Using Google Analytics to measure SEO campaign performance


It’s very easy to see how effective a PPC campaign is proving to be, with conversion and e-commerce tracking metrics available in most web analytics packages on the market today.

Perhaps less obvious is how to accurately track the success of an SEO campaign. This short guide will show how by using Google’s Analytics package it’s very straightforward to see at-a-glance how your site is performing organically in the search engines. And in a much more effective manner than through the oft-debated use of keyword position reports.

Essentially, the data in question is a measure of all of the traffic that’s arrived at the site, but which adheres to the following criteria:

1. It must have arrived via a search engine
2. It must not be paid traffic (e.g. PPC)
3. It must not include brand terms, company name or the site URL

Following these three rules will result in a metric which describes the visibility of your site for any combination of keywords that it’s appearing for in the SERPs. Other than for brand terms of course, which can be used separately as an indicator of the success of on-and-offline brand awareness building.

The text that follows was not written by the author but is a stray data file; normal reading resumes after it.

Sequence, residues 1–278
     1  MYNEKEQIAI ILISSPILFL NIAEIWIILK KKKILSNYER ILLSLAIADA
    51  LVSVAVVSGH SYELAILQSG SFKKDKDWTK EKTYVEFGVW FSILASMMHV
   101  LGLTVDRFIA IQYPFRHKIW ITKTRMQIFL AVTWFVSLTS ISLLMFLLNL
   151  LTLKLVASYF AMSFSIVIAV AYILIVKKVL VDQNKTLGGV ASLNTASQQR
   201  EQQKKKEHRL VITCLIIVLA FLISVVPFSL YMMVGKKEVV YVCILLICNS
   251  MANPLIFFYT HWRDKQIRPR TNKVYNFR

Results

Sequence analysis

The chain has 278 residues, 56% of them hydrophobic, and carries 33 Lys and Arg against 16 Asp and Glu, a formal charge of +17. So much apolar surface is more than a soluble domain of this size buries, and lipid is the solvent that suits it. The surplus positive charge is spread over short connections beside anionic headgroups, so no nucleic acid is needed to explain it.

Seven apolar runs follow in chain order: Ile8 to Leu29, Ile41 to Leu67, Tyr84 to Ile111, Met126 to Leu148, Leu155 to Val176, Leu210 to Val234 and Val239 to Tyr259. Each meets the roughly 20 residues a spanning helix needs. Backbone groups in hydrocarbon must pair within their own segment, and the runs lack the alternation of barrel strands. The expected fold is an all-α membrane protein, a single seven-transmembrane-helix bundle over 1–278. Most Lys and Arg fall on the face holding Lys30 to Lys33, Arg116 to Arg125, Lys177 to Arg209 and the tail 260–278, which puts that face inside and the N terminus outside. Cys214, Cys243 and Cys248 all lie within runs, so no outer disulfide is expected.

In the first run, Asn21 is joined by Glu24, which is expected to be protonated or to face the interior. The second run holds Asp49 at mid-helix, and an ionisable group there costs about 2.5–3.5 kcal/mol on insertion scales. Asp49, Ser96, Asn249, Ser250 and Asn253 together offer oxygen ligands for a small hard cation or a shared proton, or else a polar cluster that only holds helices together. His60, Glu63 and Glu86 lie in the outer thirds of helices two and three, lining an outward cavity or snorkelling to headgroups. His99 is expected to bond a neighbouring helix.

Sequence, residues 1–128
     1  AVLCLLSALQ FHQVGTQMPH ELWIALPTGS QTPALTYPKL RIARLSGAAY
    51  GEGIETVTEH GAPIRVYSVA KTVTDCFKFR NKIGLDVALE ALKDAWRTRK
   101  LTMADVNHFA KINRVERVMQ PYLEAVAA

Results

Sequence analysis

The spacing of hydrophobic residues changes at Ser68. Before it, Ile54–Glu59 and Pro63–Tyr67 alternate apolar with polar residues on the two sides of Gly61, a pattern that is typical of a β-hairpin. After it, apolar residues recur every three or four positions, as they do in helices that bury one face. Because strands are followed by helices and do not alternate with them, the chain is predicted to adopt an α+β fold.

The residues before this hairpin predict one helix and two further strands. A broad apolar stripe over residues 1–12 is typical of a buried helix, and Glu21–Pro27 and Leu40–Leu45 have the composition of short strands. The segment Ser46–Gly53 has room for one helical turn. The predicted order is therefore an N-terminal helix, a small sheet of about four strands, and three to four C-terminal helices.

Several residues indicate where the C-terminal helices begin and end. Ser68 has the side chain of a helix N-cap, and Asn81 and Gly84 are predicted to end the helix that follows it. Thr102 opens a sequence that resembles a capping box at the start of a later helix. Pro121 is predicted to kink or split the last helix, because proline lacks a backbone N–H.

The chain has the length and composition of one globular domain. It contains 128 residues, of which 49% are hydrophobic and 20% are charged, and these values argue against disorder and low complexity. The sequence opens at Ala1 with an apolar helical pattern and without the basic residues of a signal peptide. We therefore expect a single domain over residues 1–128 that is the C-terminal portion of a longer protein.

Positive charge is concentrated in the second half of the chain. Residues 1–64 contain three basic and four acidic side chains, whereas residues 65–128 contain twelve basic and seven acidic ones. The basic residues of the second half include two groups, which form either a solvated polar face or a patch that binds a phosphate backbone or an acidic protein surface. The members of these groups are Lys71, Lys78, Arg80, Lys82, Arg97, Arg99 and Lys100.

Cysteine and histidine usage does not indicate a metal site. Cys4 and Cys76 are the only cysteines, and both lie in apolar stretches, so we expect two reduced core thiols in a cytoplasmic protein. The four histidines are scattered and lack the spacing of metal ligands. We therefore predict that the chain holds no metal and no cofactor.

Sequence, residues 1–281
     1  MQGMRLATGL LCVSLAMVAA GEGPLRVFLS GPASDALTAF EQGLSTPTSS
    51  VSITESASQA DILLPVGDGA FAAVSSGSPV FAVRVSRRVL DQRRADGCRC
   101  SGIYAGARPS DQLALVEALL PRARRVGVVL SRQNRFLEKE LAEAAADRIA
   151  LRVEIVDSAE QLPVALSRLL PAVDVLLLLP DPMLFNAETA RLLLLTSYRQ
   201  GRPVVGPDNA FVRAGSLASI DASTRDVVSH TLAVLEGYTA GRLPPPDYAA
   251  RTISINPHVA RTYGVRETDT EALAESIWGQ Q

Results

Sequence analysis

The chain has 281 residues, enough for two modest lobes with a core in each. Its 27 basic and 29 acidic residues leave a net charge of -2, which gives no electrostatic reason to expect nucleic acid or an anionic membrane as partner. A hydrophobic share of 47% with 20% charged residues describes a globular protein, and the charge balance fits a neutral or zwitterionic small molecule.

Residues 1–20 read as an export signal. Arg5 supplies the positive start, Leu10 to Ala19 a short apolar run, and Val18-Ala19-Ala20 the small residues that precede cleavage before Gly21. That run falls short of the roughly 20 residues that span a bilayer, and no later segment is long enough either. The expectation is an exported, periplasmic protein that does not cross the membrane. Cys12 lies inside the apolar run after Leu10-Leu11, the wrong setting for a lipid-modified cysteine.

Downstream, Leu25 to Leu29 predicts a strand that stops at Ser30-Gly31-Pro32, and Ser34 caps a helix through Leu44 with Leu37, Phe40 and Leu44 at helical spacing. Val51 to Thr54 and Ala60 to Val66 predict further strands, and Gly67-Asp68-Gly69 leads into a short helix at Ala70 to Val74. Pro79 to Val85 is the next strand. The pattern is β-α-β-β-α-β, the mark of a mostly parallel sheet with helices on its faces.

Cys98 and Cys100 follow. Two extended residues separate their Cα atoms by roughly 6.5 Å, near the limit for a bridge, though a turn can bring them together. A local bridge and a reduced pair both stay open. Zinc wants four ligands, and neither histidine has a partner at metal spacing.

We like to use the term “non-brand organic traffic” to describe this segment of site traffic, although I’m sure there are plenty of alternative names out there!

So how can you measure the success of your SEO campaigns?

1) Within Google Analytics navigate to view Traffic Sources, then to Keywords.

Screenshot from Google Analytics


2) Select the option to show only Non-Paid traffic (i.e. traffic which isn’t from paid channels like AdWords, MSN AdCenter and Yahoo! Search Marketing).

Screenshot from Google Analytics


3) Scroll to the bottom of the page and select “excluding” from the drop down.

Screenshot of Google Analytics


4) Enter your brand name, website address and common misspellings (if they are common) into the text field, separated by the ‘bar’ character | without any additional spaces.

It’s best to experiment a bit, checking the results above to make sure that all sensible combinations are covered. For our brand name, Coast Digital, the string might look like this:

Screenshot from Google Analytics


5) Review the data. The final screen shows us a list of all of the non-brand keywords we are ranking for which are driving traffic to the site and the traffic levels over the date range selected. Essentially, these are the fruits of the SEO work we’ve been doing (assuming that we’re not optimising for the brand name).

These top results aren’t necessarily the primary list of keywords your SEO company are targeting, but a good optimisation and link building strategy will always have a positive effect on many auxiliary keywords as well.

What we’re looking for is a nice positive trend in the graph, indicating an increase in non-brand organic visits, showing us that SEO has been a worthwhile investment.

Screenshot from Google Analytics

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